The Institute for Energy Security (IES) projects petrol prices to rise marginally whilst diesel price on the local market remain stable for the next Pricing window which takes effect from Saturday 1st October 2016.
IES bases its projection on Platts prices which saw an upward adjustment of petrol while diesel remain fairly stable, and the depreciation of the Cedi against the U.S. Dollar by 0.4%.
“Local Fuel Market within the first week of the second Pricing-window for September 2016, Petrol and Diesel prices fell by an average of 0.and 0.84% respectively,” according to a release signed by Richmond Rockson, Principal Research Analyst, Petroleum Unit at IES.
According to energy think tank three Oil Marketing Companies (OMCs) namely; Puma Energy, Glory Oil and Frimps Oil effected these changes.
“Today, the average price for Petrol and Diesel is GH¢3.621 and GH¢3.604 respectively. Radiance Oil maintains the top spot on the IES Top-10 Chart as the OMC selling the cheapest Petrol on the market, whereas Puma Energy sells the cheapest Diesel fuel,” IES said.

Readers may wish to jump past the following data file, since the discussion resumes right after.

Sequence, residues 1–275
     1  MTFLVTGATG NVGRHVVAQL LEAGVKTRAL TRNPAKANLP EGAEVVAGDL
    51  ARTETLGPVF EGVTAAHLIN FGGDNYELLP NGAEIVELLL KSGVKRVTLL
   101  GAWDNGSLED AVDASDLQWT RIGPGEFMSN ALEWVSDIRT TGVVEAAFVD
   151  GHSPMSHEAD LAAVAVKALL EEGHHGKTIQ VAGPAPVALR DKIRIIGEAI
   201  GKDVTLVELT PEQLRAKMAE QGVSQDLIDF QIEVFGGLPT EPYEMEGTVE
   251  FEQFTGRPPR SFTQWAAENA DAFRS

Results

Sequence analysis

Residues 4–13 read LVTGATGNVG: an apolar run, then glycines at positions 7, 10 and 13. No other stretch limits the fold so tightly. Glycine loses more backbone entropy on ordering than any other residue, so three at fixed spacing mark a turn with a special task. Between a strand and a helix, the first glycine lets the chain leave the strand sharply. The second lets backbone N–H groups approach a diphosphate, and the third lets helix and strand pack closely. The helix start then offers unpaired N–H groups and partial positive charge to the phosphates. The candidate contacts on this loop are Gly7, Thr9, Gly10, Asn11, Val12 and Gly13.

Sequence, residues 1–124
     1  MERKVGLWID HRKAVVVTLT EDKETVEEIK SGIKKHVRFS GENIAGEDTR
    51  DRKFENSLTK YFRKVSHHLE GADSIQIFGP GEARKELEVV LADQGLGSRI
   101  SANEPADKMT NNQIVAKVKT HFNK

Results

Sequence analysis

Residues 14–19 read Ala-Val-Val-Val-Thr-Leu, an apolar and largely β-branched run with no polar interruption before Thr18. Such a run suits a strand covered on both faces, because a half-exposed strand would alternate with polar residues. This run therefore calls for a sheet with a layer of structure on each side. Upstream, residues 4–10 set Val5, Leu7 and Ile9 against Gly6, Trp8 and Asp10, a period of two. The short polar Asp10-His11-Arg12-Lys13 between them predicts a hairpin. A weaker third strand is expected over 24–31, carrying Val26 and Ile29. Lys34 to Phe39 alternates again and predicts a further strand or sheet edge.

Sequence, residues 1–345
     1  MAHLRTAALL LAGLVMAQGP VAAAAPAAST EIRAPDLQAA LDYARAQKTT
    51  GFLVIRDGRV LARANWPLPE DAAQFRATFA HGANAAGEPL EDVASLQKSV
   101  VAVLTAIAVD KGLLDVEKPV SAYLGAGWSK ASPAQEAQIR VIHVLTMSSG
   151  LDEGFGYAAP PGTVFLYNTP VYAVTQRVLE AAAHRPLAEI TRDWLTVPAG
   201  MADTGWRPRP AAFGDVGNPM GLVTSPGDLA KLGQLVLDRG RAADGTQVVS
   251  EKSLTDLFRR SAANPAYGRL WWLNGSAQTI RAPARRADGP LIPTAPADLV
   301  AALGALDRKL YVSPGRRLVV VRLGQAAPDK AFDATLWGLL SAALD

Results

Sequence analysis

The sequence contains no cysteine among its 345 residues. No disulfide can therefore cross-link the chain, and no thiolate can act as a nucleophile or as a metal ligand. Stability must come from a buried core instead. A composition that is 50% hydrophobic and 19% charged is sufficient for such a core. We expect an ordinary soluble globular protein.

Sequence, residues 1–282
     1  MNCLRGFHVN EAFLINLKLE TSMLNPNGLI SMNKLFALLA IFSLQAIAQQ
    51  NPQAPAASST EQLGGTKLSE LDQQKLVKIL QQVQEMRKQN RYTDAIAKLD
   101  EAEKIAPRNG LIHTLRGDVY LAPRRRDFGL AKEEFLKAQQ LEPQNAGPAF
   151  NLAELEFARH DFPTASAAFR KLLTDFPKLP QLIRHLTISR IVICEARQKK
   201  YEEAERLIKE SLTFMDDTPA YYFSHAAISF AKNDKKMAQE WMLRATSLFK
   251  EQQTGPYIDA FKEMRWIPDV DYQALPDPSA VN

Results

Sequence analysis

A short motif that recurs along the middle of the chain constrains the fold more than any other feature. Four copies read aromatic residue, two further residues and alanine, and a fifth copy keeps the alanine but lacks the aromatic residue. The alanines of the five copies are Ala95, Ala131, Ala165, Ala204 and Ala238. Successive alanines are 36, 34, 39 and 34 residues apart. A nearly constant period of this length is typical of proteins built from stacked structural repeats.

Read the rest of IES’ analysis below:
The release of the Public Eye report on sub-standard Diesel being sold in Ghana and many parts of Africa generated a lot of debate amongst the general public and industry experts. What is left now is how the country intends to advance from the Ghanaian standard towards the European standard which has a lower Sulphur content for Diesel.
IES is of the view that the country can progressively move towards that, starting with 1000pmm as the benchmark without any cut-throat cost to the consumer.
World Petroleum Market Indices Over the Pricing-window, average Brent crude slipped 2.42% to $46.58/barrel on account of renewed worries of supply glut, Iran’s determination to reach its market share prior to the ban, and low consumption in fossil fuel across Asia and Europe for the month of September.
Platts price for Petrol shot up by $13.33/metric tonne (2.74%) to close at $496.64/metric tonne, while Diesel price saw an upward adjustment of $2.34/metric tonne to close at $410.50/metric tonne; representing a rise of 0.57%.
Local Market Index and Inventory The Cedi lost marginally against the U.S. Dollar over the Pricing-window by 0.40% according to data obtained from the Bank of Ghana.
The combined Petrol and Diesel stock in the country rose from 287 million litres to 379 million litres over the Pricing-window. The Diesel stock in the country still remain quite low at 154 million litres; capable of meeting three and half weeks of national consumption.
The stock of Petrol in-tank and on vessels offshore is projected to be 225 million which is capable of meeting eight weeks of national consumption.